A Natural History of Beer

George Scialabba in Inference Review:

In the beginning was beer. Well, not quite at the beginning: there was no beer at the Big Bang. Curiously, though, as Rob DeSalle and Ian Tattersall point out in A Natural History of Beer, the main components of beer—ethanol and water—are found in the vast clouds swirling around the center of the Milky Way in sufficient quantity to produce 100 octillion liters of the stuff, though only at a very disappointing 0.001 proof. On earth, beer-like substances have long existed whenever grains, nectar, or fruits have spontaneously fermented. Chimps and other mammals in the wild have been observed getting sloshed on naturally occurring alcohol, which strongly suggests that very early humans did so too. Whatever the precise date of the first tipple, beer is a truly venerable article, coeval with human civilization and, of course, with some pretty uncivilized behavior as well. DeSalle and Tattersall tell its story with enormous erudition and panache.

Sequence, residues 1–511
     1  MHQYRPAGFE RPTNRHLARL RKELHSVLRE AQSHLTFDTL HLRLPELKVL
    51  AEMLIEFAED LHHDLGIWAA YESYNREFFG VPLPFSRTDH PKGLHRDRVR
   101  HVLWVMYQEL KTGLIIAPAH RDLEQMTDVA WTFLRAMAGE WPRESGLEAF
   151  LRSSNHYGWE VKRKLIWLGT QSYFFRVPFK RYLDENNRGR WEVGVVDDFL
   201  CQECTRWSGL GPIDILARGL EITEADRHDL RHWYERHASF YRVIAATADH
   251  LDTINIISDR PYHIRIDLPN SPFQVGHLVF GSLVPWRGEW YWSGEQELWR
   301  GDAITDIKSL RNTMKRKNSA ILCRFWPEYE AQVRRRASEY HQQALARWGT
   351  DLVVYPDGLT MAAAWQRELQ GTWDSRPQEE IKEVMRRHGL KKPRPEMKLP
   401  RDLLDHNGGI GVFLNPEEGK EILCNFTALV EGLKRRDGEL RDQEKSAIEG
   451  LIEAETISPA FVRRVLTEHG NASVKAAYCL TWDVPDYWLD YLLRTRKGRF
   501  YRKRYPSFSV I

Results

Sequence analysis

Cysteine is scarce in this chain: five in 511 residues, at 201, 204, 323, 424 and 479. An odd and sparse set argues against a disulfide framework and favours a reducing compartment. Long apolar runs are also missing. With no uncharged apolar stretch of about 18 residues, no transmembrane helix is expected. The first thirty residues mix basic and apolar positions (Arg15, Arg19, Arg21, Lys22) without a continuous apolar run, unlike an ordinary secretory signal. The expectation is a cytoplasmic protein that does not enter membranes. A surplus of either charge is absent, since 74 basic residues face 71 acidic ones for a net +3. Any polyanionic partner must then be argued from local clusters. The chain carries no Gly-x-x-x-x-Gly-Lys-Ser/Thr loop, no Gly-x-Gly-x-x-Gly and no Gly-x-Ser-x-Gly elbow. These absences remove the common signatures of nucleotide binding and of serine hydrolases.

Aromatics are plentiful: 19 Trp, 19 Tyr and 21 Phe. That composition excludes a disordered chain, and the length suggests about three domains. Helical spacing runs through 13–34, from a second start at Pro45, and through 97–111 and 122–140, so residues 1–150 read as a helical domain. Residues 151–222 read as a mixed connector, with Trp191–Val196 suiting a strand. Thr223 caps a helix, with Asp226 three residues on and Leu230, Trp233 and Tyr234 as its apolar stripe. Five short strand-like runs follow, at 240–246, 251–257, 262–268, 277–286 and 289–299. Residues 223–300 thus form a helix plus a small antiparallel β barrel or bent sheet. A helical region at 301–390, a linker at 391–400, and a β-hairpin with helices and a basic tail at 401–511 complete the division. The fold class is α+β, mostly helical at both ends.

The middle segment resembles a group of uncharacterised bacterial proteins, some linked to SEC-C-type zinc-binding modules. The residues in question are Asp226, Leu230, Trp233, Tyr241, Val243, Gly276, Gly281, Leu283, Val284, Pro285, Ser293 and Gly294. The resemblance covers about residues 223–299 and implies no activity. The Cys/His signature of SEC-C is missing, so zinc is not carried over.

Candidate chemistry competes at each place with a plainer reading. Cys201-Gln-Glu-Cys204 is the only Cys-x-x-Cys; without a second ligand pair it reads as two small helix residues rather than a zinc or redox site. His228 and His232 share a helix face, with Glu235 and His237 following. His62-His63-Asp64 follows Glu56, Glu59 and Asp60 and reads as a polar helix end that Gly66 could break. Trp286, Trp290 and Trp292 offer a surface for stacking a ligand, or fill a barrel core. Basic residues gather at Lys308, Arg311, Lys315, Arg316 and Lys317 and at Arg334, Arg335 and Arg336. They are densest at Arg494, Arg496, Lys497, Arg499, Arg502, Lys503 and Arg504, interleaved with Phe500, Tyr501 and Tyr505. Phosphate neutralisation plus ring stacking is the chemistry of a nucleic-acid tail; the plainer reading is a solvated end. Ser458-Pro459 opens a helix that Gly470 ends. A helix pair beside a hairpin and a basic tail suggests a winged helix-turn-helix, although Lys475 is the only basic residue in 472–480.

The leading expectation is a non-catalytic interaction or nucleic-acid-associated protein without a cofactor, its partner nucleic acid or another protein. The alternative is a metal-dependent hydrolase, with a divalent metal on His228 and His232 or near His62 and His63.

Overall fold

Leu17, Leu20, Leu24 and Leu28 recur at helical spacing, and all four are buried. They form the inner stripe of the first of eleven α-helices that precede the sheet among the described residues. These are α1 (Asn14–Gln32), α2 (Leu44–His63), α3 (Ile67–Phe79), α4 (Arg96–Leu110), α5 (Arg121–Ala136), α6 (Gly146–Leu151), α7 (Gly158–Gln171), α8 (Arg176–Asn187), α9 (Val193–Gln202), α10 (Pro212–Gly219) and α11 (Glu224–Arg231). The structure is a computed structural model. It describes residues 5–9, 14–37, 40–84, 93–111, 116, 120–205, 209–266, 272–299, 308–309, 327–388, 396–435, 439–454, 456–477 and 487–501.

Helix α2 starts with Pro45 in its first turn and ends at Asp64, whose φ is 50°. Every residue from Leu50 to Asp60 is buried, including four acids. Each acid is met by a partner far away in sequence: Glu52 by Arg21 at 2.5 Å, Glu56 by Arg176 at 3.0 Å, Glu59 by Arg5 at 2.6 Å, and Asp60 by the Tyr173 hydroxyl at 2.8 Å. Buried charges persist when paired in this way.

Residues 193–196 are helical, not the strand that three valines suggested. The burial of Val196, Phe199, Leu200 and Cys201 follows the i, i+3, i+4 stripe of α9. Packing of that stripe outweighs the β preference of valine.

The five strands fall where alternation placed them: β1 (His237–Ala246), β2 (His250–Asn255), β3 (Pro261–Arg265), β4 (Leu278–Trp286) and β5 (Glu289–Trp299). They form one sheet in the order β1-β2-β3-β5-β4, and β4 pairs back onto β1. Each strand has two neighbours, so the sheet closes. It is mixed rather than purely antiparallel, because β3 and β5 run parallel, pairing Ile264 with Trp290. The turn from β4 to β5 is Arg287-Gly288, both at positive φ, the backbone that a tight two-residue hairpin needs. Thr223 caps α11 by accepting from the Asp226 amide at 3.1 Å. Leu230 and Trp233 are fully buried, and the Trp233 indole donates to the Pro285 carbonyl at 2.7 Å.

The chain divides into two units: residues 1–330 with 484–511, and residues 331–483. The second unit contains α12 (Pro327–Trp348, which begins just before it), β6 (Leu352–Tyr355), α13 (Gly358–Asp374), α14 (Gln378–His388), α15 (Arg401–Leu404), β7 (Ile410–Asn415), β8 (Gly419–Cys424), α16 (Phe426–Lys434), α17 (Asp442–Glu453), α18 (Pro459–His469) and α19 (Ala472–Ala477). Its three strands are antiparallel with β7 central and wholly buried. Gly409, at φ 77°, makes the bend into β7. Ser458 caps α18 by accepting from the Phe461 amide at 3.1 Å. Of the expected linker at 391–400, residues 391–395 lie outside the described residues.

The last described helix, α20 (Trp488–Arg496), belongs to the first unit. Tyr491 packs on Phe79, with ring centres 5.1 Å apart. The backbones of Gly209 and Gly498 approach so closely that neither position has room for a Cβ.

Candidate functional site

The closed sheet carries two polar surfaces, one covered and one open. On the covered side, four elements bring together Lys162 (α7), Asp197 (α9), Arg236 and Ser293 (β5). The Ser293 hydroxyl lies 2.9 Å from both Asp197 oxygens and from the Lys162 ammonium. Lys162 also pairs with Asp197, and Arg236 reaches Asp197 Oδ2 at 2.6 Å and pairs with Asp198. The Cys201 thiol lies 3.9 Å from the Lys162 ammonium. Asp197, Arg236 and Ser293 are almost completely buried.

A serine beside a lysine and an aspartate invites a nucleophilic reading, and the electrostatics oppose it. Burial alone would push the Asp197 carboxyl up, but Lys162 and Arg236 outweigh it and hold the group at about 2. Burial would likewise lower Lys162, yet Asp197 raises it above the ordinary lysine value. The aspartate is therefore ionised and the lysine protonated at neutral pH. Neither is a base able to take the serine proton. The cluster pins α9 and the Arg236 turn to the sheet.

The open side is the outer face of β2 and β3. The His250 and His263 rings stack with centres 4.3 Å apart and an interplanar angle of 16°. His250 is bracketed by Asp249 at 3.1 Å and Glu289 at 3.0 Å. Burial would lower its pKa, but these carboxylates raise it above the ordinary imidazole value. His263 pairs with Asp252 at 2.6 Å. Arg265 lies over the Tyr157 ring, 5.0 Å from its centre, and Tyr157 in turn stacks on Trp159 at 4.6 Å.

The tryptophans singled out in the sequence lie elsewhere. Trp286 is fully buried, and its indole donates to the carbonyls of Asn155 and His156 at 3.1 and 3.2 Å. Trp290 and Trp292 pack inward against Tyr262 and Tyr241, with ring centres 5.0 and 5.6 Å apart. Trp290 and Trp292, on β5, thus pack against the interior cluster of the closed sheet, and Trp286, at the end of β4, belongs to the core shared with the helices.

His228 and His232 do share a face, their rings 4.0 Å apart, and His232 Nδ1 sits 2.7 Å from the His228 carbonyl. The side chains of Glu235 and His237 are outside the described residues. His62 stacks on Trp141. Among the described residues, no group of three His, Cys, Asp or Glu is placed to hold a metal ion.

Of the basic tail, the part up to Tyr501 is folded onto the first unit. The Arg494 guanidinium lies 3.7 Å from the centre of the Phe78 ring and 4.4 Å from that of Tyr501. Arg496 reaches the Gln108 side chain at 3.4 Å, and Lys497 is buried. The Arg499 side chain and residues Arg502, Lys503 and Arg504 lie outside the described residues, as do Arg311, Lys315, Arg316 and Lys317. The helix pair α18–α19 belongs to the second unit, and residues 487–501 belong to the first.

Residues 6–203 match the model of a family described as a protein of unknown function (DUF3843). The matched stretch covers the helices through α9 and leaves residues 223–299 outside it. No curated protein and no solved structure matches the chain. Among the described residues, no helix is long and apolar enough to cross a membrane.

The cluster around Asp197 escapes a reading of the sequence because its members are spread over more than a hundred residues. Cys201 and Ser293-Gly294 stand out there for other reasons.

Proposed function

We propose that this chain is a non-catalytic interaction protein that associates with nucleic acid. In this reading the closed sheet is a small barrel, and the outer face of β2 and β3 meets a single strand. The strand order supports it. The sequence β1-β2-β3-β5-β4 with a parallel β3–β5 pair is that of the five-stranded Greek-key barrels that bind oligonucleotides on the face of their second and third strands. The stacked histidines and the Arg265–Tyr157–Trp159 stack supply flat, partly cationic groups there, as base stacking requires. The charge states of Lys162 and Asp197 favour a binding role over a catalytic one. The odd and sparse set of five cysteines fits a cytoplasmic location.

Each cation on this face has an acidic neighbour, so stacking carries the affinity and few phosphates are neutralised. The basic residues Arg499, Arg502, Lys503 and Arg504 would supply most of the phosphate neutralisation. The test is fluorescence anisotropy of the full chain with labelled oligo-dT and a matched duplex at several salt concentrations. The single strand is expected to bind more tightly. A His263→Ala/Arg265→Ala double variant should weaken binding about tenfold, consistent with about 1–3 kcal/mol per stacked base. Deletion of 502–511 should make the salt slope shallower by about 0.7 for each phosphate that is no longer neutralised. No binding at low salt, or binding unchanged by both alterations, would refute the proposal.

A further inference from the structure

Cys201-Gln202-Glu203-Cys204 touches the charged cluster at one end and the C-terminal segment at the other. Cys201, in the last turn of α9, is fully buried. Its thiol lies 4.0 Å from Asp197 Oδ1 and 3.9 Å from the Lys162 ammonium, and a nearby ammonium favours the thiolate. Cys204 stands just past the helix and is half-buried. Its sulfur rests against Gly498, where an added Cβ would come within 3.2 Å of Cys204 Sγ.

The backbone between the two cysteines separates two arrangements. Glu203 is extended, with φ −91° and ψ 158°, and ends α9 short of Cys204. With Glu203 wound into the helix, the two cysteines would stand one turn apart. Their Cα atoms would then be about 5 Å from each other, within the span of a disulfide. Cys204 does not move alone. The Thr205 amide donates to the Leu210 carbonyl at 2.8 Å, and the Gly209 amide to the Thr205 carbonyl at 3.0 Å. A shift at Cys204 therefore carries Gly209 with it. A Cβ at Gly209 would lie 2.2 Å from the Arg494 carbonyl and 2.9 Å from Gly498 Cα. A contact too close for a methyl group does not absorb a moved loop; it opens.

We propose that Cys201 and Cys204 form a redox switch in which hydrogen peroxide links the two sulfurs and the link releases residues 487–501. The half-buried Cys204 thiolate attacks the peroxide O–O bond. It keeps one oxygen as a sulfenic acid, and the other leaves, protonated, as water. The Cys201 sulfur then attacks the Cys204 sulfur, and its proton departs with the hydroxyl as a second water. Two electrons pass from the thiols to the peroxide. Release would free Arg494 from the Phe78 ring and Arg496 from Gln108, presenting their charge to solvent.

The earliest evidence of beer consumption is from a Chinese village around 9,000 BCE, whose pottery yielded chemical traces of a kind of rice beer.

More here.

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